While some songs suggests they’d “like to teach the world to sing”, the sad truth is that much of the world is tone deaf. We couldn’t write hit songs if our lives depended on it. We may not be able to even hum “It’s A Grand Old Flag” in key, let alone sing karaoke without humiliating ourselves. So instead of damaging the eardrums of those around us, we buy records and idolize musicians. However, save for autograph signings, impersonal if awesome videos, and concerts, there aren’t that many opportunities to get up close and personal with our idols. Then every few years comes a great documentary that shows our favorite bands in a unique light and makes us want to go buy their entire discography. Again. Currently there are some great documentaries available that give a peek into the lives of the musicians we love. Here are three to watch:
“Take One: Swedish House Mafia”
The world of superstar DJs is not something to which most of us have access. Luckily there are documentaries to introduce us civilians to the wonderfully strange world of wildly successful DJs who travel the world in private planes with half-dressed female fans thrown in their paths, exotic car collections, and stadium gigs filled to the rafters with avid fist-pumping crowds. “Take One” follows a trio of Swedish DJs Steve Angello, Sebastian Ingrosso and Axwell– collectively known as the Swedish House Mafia — as they live the dance music dream. One of the most interesting parts of the film comes when the audience can see the DJs in action, creating the hook for their track with Pharrell, “One (Your Name)”. Directed by Christian Larson, who shot the doc in black and white, the 45-minute film is a fascinating look at a career that was definitely not mentioned in my version of “What Color Is Your Parachute.”
The film is available for purchase on iTunes.
“Color Me Obsessed”
Directed by Gorman Bechard this documentary looks at what the director considers the last best band, The Replacements. Bechard is not alone in this belief, and he gathered fans from near and far, including The Decemberists’ Colin Meloy, Craig Finn from The Hold Steady, Dave Foley, Lori Barbero of Babes In Toyland, critic Robert Christgau, producer Steve Albini, Grant Hart and Greg Norton from Hüsker Dü, and even this writer (yeah, me) to prove his point that The Replacements are often overlooked, underappreciated, and wildly influential. While at first it seems odd (or infuriating) that the movie doesn’t interview any of the members of The Replacements or feature any of the band’s songs, you soon get swept into the world of the fans. It’s like you wandered into a bar filled with Mats devotees and proceed to have the most sincere conversation about music, fandom, and the most lovable rock and roll fuckups ever.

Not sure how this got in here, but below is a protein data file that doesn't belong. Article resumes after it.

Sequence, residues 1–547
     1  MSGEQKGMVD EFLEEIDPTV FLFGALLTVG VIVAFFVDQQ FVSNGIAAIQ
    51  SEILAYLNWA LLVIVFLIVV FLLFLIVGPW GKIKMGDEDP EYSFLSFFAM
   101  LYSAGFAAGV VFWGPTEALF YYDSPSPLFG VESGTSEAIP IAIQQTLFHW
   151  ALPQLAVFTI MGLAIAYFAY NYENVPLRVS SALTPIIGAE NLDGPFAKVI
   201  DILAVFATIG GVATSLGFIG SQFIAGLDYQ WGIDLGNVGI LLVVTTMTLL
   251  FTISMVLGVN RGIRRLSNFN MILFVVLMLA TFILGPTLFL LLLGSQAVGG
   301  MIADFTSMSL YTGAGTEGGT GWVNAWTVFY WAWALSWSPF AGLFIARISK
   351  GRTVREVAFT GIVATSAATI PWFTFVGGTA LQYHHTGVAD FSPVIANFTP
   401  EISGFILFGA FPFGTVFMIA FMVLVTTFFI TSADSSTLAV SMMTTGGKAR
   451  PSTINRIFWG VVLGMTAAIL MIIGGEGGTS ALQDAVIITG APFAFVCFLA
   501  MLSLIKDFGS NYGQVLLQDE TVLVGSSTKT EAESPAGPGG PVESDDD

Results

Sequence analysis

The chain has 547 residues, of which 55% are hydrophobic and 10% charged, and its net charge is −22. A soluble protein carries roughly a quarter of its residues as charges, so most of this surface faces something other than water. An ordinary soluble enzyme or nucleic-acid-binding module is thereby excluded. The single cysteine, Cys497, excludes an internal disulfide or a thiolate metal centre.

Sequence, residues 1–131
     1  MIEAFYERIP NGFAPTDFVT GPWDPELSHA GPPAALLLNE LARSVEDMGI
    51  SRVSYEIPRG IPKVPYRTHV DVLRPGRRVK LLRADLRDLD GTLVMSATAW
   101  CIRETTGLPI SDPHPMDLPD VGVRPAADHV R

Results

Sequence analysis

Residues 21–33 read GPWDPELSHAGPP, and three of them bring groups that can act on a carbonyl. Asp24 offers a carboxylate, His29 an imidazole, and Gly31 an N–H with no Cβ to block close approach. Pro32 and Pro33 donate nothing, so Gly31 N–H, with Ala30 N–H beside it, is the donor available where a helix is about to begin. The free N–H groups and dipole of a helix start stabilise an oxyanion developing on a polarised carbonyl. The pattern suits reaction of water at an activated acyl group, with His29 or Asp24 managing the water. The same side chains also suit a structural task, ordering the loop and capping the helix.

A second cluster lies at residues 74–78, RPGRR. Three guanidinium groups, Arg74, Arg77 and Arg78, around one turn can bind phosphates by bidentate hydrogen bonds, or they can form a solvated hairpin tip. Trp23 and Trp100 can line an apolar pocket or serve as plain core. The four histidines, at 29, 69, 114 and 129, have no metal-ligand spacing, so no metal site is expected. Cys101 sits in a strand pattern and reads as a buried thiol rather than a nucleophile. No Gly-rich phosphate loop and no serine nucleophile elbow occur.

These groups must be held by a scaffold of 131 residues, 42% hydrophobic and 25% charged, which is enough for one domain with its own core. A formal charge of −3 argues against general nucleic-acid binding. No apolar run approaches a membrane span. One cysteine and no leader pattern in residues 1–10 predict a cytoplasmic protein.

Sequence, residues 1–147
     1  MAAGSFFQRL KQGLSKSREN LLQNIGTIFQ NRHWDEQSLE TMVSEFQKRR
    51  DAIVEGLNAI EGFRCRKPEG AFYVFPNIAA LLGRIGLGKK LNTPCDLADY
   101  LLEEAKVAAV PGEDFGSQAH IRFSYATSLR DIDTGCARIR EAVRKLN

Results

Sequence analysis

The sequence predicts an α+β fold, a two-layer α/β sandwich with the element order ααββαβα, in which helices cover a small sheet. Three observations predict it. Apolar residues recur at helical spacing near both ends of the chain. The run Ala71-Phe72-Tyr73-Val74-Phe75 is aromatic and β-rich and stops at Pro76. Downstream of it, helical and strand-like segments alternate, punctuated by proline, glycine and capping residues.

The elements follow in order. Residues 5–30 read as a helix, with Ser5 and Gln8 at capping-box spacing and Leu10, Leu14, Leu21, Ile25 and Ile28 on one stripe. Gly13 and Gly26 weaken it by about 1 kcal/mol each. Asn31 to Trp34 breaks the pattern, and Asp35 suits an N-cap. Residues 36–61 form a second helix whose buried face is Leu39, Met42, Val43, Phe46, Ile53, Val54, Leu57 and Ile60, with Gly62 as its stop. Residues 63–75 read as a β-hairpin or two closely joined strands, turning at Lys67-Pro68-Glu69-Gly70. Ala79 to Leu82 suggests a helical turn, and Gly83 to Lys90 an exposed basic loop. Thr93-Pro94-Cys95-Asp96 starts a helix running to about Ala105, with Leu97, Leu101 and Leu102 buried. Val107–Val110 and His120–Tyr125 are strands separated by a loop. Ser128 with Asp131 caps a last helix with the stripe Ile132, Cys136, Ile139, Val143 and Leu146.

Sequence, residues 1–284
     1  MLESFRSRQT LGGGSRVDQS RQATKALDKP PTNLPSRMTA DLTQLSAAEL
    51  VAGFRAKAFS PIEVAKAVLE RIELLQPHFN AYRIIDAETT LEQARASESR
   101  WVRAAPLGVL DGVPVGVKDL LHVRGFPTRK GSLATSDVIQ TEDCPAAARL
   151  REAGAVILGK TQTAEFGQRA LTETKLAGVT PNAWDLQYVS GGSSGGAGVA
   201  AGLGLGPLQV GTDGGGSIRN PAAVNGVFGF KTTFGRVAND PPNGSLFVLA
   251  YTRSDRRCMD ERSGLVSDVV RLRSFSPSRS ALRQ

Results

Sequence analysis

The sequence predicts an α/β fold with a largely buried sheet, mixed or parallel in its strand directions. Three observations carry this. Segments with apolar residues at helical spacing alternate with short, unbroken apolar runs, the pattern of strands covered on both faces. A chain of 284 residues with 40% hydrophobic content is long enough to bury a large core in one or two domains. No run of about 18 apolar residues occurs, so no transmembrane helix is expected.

The movie is in the festival circuit right now (head to ColorMeObsessed.com for details). Fingers crossed that it gets a distributor soon.
“New Garage Explosion: In Love With These Times”
From the filmmakers at Vice comes a look at the gritty, grungy world of garage rock. The documentary, made by VBS directors Joseph Patel and Aaron Brown with producer/journalist Mike McGonigal, kicks off with a look at the humble beginnings of the genre among kids in Detroit in the 1960s. The film then does a quick survey of the lasting influence of garage rock on ’80s punk, but the main thrust is the modern day scene. And what a scene it is: Notable acts included in the film are the late Jay Reatard, Black Lips, The Gories, The Clean, The Dirtbombs, Magic Kids, Golden Triangle, Smith Westerns, Vivian Girls and more. The documentary offers up intimate profiles of the artists working their asses off to make the garage scene and is a must see for music fans of any genre.
While this look at garage rock has been out since November, and available on YouTube for at least a month, the show has hit the road and is doing screenings in actual movie theaters. A movie this good deserves better than watching concurrent parts on YouTube, so head here for screening info